Quality Management in Healthcare
The article I chose to summarize is healthcare associated infections (HAIs) which occurred during a hospital stay. These HAIs are a worldwide problem and is linked to the quality of care the patient receives from his or hers healthcare staff. HAIs are extremely dangerous; this is because they are typically caused by multi-resistant microorganisms whose line of action and therapeutic terms may be exhausted. The exhaustion of care is due to the overuse of antibiotics, environmental conditions, or the microorganism has evolved. (Baylina, 2011). I will summarize what actions have been taken and what new quality concerns are being taken to prevent this high mortality condition.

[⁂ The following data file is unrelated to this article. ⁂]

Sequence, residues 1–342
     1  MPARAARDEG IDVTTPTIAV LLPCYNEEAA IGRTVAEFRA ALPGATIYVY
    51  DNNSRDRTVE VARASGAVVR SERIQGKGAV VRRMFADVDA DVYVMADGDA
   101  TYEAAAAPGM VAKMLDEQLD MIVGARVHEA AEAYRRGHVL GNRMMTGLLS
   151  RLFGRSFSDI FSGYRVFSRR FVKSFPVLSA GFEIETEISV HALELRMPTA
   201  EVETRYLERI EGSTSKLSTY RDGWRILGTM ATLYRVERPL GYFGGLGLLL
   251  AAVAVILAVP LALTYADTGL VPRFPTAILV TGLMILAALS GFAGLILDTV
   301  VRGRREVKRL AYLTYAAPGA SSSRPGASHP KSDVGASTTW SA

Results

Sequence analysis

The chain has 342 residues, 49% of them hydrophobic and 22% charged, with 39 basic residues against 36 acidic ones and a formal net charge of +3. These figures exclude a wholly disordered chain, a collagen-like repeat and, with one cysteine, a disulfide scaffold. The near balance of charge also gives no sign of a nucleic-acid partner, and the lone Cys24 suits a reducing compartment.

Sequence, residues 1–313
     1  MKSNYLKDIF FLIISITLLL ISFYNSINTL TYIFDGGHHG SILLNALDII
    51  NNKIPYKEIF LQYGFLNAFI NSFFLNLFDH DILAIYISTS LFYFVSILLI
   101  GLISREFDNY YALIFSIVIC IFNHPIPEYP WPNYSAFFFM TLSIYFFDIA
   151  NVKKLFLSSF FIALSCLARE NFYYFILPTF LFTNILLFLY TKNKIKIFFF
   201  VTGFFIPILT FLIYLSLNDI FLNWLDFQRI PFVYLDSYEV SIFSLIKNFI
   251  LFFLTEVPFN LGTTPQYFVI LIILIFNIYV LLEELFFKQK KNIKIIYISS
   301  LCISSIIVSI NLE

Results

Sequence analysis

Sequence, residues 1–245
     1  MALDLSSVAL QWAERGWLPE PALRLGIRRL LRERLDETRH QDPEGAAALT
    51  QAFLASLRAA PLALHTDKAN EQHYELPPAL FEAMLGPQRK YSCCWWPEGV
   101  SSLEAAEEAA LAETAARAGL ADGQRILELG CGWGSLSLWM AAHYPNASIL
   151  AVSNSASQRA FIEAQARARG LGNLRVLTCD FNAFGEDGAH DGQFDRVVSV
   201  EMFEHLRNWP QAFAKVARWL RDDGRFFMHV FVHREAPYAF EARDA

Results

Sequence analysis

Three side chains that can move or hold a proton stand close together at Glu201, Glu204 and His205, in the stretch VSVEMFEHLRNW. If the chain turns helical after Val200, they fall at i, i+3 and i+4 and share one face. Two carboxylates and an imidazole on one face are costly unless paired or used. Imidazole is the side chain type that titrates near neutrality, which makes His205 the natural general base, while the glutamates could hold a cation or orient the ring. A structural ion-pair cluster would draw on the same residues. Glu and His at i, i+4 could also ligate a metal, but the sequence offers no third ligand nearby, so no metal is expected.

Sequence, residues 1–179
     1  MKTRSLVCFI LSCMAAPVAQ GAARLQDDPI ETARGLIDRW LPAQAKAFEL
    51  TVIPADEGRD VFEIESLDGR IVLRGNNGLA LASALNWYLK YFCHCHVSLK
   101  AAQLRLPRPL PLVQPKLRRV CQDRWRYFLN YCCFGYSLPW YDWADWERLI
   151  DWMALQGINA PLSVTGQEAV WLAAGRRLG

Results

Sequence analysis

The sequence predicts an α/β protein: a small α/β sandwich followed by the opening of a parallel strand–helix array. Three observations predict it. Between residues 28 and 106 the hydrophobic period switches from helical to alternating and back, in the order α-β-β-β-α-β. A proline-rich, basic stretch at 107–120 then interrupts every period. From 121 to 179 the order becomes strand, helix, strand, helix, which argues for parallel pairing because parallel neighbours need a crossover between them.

HAIs are not new to healthcare, they are referred to as nosocomial infections. In 1959 a report was published by the central health services UK, which identified the prevalence of contraction of the infections during patients hospital stay. The number one disease then was and still plagues hospitals today is methicillin-resistant Staphylococcus aureus, also known as MRSA. Healthcare organizations have been fighting against HAIs with little success, but at a big cost. A 1992 CDC study estimates cost of HAIs and the cost of suggested infection control programs was approximately 6 percent of the total cost of the infections (Baylina, 2011). In 2003 a report was published by the United Kingdom Department of Health which "estimates that the costs associated with HAIs per patient bed for a year was identical to the cost of an infection control program apply to a hospital with 250 beds” (Baylina, 2011). These cost are linked to the increased length of stay and associate cost for treating the infection. Patients contracting infections and having to pay higher cost directly contradicts the definition of healthcare quality. There are several definitions of quality when